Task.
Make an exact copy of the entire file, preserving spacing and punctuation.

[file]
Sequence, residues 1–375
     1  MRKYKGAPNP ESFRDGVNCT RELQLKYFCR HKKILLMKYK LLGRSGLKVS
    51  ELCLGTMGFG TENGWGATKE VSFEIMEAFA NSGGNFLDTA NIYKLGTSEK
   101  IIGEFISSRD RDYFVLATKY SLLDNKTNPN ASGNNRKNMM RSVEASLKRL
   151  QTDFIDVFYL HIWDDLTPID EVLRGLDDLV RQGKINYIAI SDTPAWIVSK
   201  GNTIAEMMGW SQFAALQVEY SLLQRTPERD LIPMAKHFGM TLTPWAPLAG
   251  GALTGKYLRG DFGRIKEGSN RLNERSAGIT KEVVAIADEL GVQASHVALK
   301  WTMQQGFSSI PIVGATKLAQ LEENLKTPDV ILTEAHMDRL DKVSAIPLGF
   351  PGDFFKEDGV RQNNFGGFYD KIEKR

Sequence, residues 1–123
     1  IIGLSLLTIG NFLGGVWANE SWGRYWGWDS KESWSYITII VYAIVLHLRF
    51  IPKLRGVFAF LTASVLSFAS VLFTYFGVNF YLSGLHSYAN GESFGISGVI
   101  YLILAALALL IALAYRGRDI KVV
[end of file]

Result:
Sequence, residues 1–375
     1  MRKYKGAPNP ESFRDGVNCT RELQLKYFCR HKKILLMKYK LLGRSGLKVS
    51  ELCLGTMGFG TENGWGATKE VSFEIMEAFA NSGGNFLDTA NIYKLGTSEK
   101  IIGEFISSRD RDYFVLATKY SLLDNKTNPN ASGNNRKNMM RSVEASLKRL
   151  QTDFIDVFYL HIWDDLTPID EVLRGLDDLV RQGKINYIAI SDTPAWIVSK
   201  GNTIAEMMGW SQFAALQVEY SLLQRTPERD LIPMAKHFGM TLTPWAPLAG
   251  GALTGKYLRG DFGRIKEGSN RLNERSAGIT KEVVAIADEL GVQASHVALK
   301  WTMQQGFSSI PIVGATKLAQ LEENLKTPDV ILTEAHMDRL DKVSAIPLGF
   351  PGDFFKEDGV RQNNFGGFYD KIEKR

Sequence, residues 1–123
     1  IIGLSLLTIG NFLGGVWANE SWGRYWGWDS KESWSYITII VYAIVLHLRF
    51  IPKLRGVFAF LTASVLSFAS VLFTYFGVNF YLSGLHSYAN GESFGISGVI
   101  YLILAALALL IALAYRGRDI KVV